>     a Lucene document.
> The Map phase of the Map/Reduce job formats and analyzes the input (in
> parallel), while the Reduce phase collects and applies the updates  
> to each
> Lucene instance (again in parallel). The updates are applied using  
> the local
> file system where a Reduce task runs and then copied back to HDFS.  
> For example,
> if the updates caused a new Lucene segment to be created, the new  
> segment
> would be created on the local file system first, and then copied  
> back to HDFS.
> When the Map/Reduce job completes, a "new version" of the index is  
> ready to be
> queried. It is important to note that the new version of the index  
> is not
> derived from scratch. By leveraging Lucene's update algorithm, the  
> new version
> of each Lucene instance will share as many files as possible as the  
> previous
> version.
> At any point in time, an index client always has a consistent view  
> of the
> shards in the index. The results of a search query include either  
> all or none
> of a recent update to the index. The details of the algorithm to  
> accomplish
> this are omitted here, but the basic flow is pretty simple.
> After the Map/Reduce job to update the shards completes, the master  
> will tell
> each shard server to "prepare" the new version of the index. After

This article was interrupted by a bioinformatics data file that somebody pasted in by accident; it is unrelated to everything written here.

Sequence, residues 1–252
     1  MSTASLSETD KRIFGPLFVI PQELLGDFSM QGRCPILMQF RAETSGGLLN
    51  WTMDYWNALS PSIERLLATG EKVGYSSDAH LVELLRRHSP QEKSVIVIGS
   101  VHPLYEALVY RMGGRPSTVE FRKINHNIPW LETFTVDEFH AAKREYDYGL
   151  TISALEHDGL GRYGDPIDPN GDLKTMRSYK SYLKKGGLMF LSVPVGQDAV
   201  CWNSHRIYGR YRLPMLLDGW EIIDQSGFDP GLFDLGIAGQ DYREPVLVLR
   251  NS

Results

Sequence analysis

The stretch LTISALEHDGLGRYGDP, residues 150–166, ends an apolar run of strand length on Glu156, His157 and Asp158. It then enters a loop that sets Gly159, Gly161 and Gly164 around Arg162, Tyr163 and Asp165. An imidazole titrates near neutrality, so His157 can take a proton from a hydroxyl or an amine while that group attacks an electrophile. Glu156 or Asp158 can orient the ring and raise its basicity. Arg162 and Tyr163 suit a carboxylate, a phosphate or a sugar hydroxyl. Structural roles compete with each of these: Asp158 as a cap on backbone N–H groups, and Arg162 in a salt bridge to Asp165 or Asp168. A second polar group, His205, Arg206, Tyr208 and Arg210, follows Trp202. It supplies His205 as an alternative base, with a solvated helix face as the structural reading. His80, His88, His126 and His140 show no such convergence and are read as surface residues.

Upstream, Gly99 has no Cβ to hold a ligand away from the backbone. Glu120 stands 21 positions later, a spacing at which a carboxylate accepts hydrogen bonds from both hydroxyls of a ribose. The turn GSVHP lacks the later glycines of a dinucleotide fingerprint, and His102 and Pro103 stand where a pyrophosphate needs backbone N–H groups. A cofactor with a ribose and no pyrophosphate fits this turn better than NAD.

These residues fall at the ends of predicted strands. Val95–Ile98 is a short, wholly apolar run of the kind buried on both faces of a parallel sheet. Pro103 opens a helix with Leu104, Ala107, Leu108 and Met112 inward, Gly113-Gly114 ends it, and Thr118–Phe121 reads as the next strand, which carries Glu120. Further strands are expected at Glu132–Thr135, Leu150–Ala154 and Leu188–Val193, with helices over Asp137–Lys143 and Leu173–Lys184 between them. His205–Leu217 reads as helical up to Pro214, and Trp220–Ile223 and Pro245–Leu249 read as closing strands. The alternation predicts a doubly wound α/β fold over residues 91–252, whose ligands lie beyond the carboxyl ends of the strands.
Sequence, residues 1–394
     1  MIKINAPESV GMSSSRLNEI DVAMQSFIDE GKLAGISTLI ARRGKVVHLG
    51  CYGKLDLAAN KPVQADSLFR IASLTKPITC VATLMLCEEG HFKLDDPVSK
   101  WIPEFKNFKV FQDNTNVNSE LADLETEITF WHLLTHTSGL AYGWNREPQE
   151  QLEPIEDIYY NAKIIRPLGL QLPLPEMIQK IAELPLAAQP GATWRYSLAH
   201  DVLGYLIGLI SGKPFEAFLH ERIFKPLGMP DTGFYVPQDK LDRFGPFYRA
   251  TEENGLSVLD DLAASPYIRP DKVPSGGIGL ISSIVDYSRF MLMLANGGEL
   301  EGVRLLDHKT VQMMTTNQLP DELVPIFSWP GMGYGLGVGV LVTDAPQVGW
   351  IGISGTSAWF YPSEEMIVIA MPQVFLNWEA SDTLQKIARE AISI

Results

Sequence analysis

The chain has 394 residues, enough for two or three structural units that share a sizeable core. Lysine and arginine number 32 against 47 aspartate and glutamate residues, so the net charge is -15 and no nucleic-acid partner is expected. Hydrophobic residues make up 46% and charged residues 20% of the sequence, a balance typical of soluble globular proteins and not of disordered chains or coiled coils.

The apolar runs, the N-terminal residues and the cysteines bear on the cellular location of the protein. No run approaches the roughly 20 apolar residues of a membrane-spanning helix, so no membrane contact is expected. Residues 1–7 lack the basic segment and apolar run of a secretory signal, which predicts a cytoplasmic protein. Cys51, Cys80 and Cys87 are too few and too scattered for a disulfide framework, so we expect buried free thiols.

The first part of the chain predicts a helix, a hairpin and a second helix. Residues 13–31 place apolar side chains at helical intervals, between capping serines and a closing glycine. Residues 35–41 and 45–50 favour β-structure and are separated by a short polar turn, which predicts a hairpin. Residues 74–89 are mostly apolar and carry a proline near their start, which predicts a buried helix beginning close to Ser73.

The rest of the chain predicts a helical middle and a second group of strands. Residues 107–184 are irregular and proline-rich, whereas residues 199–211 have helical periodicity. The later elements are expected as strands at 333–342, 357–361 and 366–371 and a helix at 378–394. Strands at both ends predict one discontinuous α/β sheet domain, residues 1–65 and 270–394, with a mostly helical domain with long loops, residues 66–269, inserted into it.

> all the
> shard servers have responded affirmatively to the "prepare"  
> message, the new
> index is ready to be queried. An index client will then lazily  
> learn about
> the new index when it makes its next getShardLocations() call to  
> the master.
> In essence, a lazy two-phase commit protocol is used, with  
> "prepare" and
> "commit" messages piggybacked on heartbeats. After a shard has  
> switched to
> the new index, the Lucene files in the old index that are no longer  
> needed
> can safely be deleted.
> We rely on the fault-tolerance of Map/Reduce to guarantee that an  
> index update
> will eventually succeed. All shards are stored in HDFS and can be  
> read by any
> shard server in a cluster. For a given shard, if one of its shard  
> servers dies,
> new search requests are handled by its surviving shard servers. To  
> ensure that
> there is always enough coverage for a shard, the master will  
> instruct other
> shard servers to take over the shards of a dead shard server.
> Currently, each shard server reads a shard directly from HDFS.  
> Experiments
> have shown that this approach does not perform very well, with HDFS  
> causing
> Lucene to slow down fairly dramatically (by well over 5x when data  
> blocks are
> accessed over the network). Consequently, we are exploring  
> different ways to
> leverage the fault tolerance of HDFS and, at the same time, work  
> around its
> performance problems. One simple alternative is to add a local file  
> system
> cache on each shard server. Another alternative is to modify HDFS  
> so that an
> application has more control over where to store the primary and  
> replicas of
> an HDFS block. This feature may be useful for other HDFS  
> applications (e.g.,
> HBase). We would like to collaborate with other people who are  
> interested in
> adding this feature to HDFS.
> Regards,
> Ning Li